Chichén Itzá the gateway to the well of the water warlocks “itzáes”
(mayan: (Chichén) Mouth or entrance to a well; of the (Itzá) Water Warlocks),
The Sacred city of Chichén Itzá was one the most important Mayan Cities in the Yucatan Peninsula and doorway to the greatness of the Mayan Empire, making the sacred city of Chichen-Itzá a true mystery of the Mayan Civilization.
Chichen Itza was built throughout the years and has a clear influence of the different clans that help to build it into the great ceremonial center it became, such influences can be seen with the adoption or migration
This is a Cultural Heritage Zone of Mexico, and due to its importance was added to the UNESCO World Heritage list in 1988.
Chichen Itza and the Cenote of Sacrifices were, and still are, sacred centers for the Maya.
The Great Temple of Kukulcán
The temple has 365 steps—one for each day of the year. Each of the temple’s four sides has 91 steps, and the top platform makes the 365th.
Devising a 365-day calendar was just one feature of the cutting Mayan Astronomers. Incredibly, twice a year on the spring and autumn equinoxes, a shadow falls on the pyramid in the shape of a serpent. As the sun sets, this shadowy snake descends the steps to eventually join a stone serpent head at the base of the great staircase up the pyramid’s side.
The Temple of the Warriors
After the Great pyramid of Kukulcan or “El Castillo”The Temple of the Warriors is one of the most impressive and important structures at Chichen Itza It might be the only known late classic Maya building big enough for really large gatherings.
The temple consists of four platforms, flanked on the south and west sides by 200 round and square columns. All square columns are carved in low relief, with Toltec warriors holding their prisoners; in some places they are cemented together in sections, painted in brilliant colors and covered with plaster.
The Temple of Warriors is approached by a broad stairway with a plain, stepped ramp on either side, and each ramp has figures of standard-bearers to hold flags. Before the main entrance you can see Chac-Mool jealously guarding the entrance to the warriors temple.
Astronomical signs and decorative features on the head of each serpent are carved over the eyes. On the top of each serpent head is a shallow basin that could have been used as an oil lamp.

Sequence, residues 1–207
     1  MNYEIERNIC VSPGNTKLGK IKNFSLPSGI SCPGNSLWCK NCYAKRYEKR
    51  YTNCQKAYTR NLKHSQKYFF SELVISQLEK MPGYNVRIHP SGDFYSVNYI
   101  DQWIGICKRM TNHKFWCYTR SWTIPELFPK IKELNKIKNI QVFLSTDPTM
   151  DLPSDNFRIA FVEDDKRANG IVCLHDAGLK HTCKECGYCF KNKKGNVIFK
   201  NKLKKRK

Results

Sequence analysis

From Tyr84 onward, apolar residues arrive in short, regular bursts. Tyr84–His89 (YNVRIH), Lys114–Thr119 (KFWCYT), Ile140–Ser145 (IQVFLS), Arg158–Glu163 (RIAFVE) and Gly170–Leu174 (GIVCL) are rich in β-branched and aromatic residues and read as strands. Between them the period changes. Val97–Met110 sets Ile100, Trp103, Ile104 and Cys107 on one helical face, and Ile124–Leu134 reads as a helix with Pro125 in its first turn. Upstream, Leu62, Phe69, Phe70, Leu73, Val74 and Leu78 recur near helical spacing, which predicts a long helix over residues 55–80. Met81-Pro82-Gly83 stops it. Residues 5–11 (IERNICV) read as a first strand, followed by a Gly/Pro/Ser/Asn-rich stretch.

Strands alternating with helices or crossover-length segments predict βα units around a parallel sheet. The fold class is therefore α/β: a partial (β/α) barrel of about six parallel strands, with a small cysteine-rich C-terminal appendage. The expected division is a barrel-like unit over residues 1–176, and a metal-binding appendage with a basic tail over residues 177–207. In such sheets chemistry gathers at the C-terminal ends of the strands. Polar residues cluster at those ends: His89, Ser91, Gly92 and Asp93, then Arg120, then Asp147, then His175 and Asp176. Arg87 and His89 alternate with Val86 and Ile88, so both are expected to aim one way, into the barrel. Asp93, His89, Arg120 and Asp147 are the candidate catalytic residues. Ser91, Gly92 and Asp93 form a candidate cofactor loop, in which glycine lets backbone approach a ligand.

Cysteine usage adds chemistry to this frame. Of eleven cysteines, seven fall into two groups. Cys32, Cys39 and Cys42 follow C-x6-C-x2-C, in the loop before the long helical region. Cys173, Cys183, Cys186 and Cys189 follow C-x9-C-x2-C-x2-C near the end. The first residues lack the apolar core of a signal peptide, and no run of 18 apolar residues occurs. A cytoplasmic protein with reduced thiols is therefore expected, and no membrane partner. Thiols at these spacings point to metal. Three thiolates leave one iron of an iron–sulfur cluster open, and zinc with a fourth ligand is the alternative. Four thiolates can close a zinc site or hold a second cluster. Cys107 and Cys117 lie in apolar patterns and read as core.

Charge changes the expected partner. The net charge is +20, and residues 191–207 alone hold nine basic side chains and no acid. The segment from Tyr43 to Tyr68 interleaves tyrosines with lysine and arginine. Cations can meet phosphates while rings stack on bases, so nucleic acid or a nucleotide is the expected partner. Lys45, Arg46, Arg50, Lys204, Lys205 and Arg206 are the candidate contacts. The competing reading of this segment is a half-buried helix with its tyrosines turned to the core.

The Ritual Ball Game
The most fearsome ritual ball games of the America’s took place in Chichén Itzá’s ball court, which is also known to be the largest in the American continent, measuring 554 feet (168 meters) long and 231 feet (70 meters) wide. During the games players tried to hit a 12-pound (5.4-kilogram) rubber ball through stone scoring hoops set high on the court walls.
The Platform/Temple of Jaguars
Located next to the ball game,The figures of jaguars and eagles devouring hearts are said to represent the warriors who were responsible for obtaining victims to sacrifice for the gods.
The “Eagle Knights” were archers who attacked the enemy before all other soldiers fought hand to hand. The aggressive eagles which sculpted on the walls of the platform are the symbol of these elite vip group of archers who stood out on the battlefield because they wore clothing of feathers from the bird for which they were named.
The “Jaguar Knights” were believed to be the army fiercest members, modeled after those found elsewhere in the Central Mexico. They fought hand to hand, with wooden clubs tipped with obsidian knives.
They covered themselves with armor made of jaguar skins and also helmets of jaguar heads. The figures of jaguars represented the soldiers who were often charged with obtaining prisoners for sacrifice to the Gods of city.
The Nuns Building
This building named Casa de las Monjas by the Spanish who were reminded of convent buildings back home. This building called as nunnery,and it is considered by most a residential palace, but scholars are divided as to whether it represents the residence of the founding family of Chichen or a priest’s house, or a council house (or Popal Nah ) structure. The building has five dedicatory glyph strings, one of which dates it to AD 880. The original building was constructed on a 30 foot high platform, with a central reinforced wall and two wings. During a later remodeling, a second floor added and the base was widened. Above the 2nd floor is a mat-weave lattice. The decoration and architecture is typically Puuc Maya so The Nunnery is strictly a Puuc style building. The rubble core walls were originally veneered with indented stepped frets in cubes decorated with beautiful flowers. A sacrificial stone which is in front of this building, and a jaguar throne was found within, showing its continued use also after the Toltec arrival. .
The Observatory “El Caracol”
El “Caracol” or Snail was used as an observatory. The tower is 48 feet high with many windows which allowed for observing the equinoxes and summer solstice.
Venus had tremendous significance for the Maya community; this bright planet was considered a war god and the sun’s twin. Mayan leaders used the changing position of Venus to plan appropriate times for battles and raids.
This tower sits high on a four-cornered but not quite square platform and gives excellent unobstructed views of the skies and surrounding landscape. In particular, it seems to be carefully aligned with the motions of Venus.
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